Many COVID-conscious Iowa parents were mostly worried about the new school year a month ago, but now they’re frustrated too.
For many, they’ve spent the past year at home with their children, limiting trips outside and wearing masks when they did. When they were able, many got vaccinated.
And now they’re facing a school year with fewer strategies in place to mitigate COVID-19 among students and the more infectious Delta variant that’s spread quickly through unvaccinated people, including children 12 and under.
“I have a huge group of moms in our district that went online last year without any hesitation. And this year we’re all like, ‘we’re going in person come hell or high water,’” said Brook Easton, a mom of two in the Iowa City School District, one of which is vaccinated.
She also helped organize the Safe at School sit-in, where parents gathered in front of the Iowa Capitol earlier this month to ask Gov. Kim Reynolds to rescind a law banning school districts from requiring masks.
“We did our time,” Easton said. “We made all the sacrifices that we can make and we are going in person. And if people who don’t want to wear masks aren’t going to wear them, then they stay home this time.”
Many schools across Iowa opened their doors Monday, with different plans in place to handle potential COVID cases. Several Iowa schools extended their sign-up for enrolling in online classes, but few require quarantining if a student tests positive, and classrooms will have a harder time enforcing distancing with more students.
State guidance advises schools to treat COVID like a regular childhood illness.
“They’re not really tracking stuff like they were last year. Everybody’s let their guard down because they don’t have to. Nothing has to be enforced right now,” said LaKeshia Richmond, a mom of three who attend the Ankeny School District.
One of her sons got a mild case of COVID, but he was the only person in their household who did.
Richmond said he ate meals in his room, and he wore a mask when he left it. When all five were together as a family she said they all wore masks, and he didn’t spread COVID to anyone else in the family.
“Those three brothers, they’re thick as thieves,” she said. “They play hard together and they’re always on top of each other and around each other. Clearly, they didn’t do that while he was sick, and we wore masks and it worked.”
Richmond puts a lot of the blame on the virus’ continued spread on local political leaders who haven’t done enough to push better safety measures.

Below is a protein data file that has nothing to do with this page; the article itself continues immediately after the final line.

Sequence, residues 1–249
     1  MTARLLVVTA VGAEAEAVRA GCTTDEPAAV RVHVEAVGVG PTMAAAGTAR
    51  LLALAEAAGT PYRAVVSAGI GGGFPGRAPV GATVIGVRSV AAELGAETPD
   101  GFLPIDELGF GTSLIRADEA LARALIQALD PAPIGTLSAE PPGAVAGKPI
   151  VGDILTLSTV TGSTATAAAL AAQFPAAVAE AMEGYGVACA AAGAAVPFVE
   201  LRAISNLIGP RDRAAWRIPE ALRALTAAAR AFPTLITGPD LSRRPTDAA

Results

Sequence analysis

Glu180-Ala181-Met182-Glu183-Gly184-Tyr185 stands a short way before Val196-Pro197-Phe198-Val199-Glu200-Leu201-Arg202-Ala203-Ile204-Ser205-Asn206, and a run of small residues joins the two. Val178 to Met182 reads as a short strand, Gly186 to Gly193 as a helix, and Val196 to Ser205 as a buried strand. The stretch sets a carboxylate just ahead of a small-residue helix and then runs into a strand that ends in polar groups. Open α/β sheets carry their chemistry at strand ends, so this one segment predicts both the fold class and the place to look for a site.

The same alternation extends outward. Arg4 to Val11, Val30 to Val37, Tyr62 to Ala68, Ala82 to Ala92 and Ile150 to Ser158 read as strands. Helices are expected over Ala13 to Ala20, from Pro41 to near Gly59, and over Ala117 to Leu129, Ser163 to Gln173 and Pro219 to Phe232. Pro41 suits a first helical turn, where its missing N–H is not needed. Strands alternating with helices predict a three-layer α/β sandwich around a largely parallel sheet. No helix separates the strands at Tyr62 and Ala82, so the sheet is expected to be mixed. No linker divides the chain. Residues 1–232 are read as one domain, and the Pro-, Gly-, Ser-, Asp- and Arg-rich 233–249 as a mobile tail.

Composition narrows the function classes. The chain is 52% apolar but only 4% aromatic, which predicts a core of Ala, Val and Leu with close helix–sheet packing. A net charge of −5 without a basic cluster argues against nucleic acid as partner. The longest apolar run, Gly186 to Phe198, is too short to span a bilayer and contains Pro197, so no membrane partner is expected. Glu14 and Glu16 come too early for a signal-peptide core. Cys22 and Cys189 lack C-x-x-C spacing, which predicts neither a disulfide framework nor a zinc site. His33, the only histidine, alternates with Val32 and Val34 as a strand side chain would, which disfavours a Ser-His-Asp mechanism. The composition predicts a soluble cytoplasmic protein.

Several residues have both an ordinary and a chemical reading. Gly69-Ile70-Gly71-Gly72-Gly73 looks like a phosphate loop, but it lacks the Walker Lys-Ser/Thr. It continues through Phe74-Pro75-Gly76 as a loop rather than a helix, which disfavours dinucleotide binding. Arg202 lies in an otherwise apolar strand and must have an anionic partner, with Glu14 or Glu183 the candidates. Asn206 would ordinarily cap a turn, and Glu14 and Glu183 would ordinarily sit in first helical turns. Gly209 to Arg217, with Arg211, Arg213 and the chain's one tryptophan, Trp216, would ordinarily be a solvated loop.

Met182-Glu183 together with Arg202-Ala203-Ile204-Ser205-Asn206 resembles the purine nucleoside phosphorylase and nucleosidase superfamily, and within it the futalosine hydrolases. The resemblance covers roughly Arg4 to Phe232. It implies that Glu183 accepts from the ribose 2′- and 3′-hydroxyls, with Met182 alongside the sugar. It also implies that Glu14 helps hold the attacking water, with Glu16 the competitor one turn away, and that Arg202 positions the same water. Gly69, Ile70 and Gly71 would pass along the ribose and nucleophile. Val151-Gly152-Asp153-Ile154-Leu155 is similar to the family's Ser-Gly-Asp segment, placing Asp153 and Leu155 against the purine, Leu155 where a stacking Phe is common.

As with most things regarding the pandemic, Reynolds said the decision to wear masks in school should be made by individuals and parents.
Chris Shivers, a father of two Ankeny students, said that’s a cop-out.
“It really is hard to put it on parents because it goes back to the whole fact that masks really more protect others than it protects yourself,” he said. “People aren’t going to make that decision, they’re just going to say, well, no one’s making me so I don’t have to.”
Last week, he and his wife, Anna, attended the back-to-school meeting before school started Monday, and he was disappointed to see how few parents and teachers wore masks.
But these parents agree that children need to be at school in person, regardless of how they handled virtual schooling. Easton, Richmond, and the Shivers said their children are excited about the prospect, and that they don’t mind wearing masks in order to do it.
Anna Shivers said after a year of online school and not seeing friends, her oldest son struggles to relate to other children his age and doctors have said another year of that will be bad for him in the long term.
“He’s used to being with his little brother, which is great. But then he also just kind of missed out on being with other eight-and-nine-year-olds, being a normal eight-or-nine-year-old,” she said.
“It’s the least bad decision right now to send him,” Chris said. “Just hoping for the best is all we can really do right now.”
The parents Starting Line talked to all said they just want last year’s mitigation policies in place with universal contact tracing.
“Let’s get this done. Let’s slow it down. That’s the only way to do it, honestly, and if we put these kids back let’s space them some,” Richmond said. “Just like for the first term or whatever in the school year and see where we are, you know, see if there’s a vaccine out for kids, see if it’s slowing down.”
She pointed out it could always be removed if case rates get under control.
“Gov. Reynolds is a lost cause and it’s going to take our school board to stand up and do the right thing for these kids,” Richmond said.
Iowa City Mayor Bruce Teague declared a civil emergency in the city and imposed a mask requirement within city limits, including in schools. But the superintendent there said schools would continue following state law and keep masks voluntary.
“No matter what side of the aisle we’re on, we all want the same thing, we want our kids to be happy and healthy, and we want them to go to school in person,” Easton said. “And we don’t want them to be sick. We don’t want anything bad to happen to them.”
by Nikoel Hytrek